ICLS interviews Professor Comizio on his new book, Virtual Currency Law: the Emerging Legal and Regulatory Framework

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On March 17, 2022, Dr. Björn Arp, a Fellow and Adjunct Professor at the American University Washington College of Law Center on International Commercial Arbitration, interviewed Professor Gerard Comizio, Associate Director of the Business Law Program (BLP), about his new book, Virtual Currency Law: the Emerging Legal and Regulatory Framework. The conversation was hosted Program for International & Comparative Law Studies (ICLS) and the Blockchain and Cryptocurrency Law Society (BCLS).

At the outset of the discussion, Professor Comizio remarked that he was motivated to write the book by the evolving demands of the banking practice area from traditional clients such as financial institutions in addition to the newer virtual currency trading exchanges. Professor Comizio stated that the emergence of virtual currency highlights exciting possibilities for peer-to-peer payment systems, money transmission, increased financial inclusion, and other investment opportunities; however, he also cautioned that cryptocurrency use faces various concerns relating to national security, money laundering, and other illegitimate activities.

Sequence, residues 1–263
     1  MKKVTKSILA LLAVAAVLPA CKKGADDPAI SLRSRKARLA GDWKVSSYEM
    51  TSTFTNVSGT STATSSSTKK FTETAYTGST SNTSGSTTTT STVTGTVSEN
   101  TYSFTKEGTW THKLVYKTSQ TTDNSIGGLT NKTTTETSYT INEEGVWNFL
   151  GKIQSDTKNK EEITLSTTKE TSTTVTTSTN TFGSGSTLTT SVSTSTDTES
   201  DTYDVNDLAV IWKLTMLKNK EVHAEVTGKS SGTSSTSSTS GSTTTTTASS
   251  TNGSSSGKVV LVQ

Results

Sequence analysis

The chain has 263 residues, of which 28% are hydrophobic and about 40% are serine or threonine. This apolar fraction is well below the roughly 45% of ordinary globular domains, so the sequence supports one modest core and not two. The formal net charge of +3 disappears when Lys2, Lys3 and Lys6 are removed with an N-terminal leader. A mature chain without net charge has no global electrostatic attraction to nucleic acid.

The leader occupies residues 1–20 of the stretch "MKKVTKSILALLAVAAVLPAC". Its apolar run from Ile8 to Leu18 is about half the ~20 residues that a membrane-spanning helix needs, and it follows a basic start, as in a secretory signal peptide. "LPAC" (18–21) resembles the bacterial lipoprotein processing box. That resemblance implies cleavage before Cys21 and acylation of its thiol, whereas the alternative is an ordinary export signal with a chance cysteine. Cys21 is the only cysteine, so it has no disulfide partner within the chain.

Professor Comizio also spoke to the patchwork regulatory approach taken by U.S. federal and state regulators, under which each agency organically applies traditional financial service laws and regulations under different regulatory schemes to various cryptocurrency activities. He added that this approach creates compliance challenges for companies engaged in cryptocurrency activities because they are often subject to brand new interpretations, at times by prosecution through enforcement actions rather than regulations subject to public comment.

Additionally, Professor Comizio described quantum computing as the looming threat over virtual currencies, given the industry reliance on the unviability of the blockchain and the potential for unfriendly nation-state actors to use quantum computing to target blockchain activities with hacks and other cyber threats. In conclusion, he predicted an increased but fluctuating use of cryptocurrencies that will cause governments around the world to look at the positive opportunities while also monitoring for areas of abuse and regulatory concern.

To view a recording of the full conversation, click here.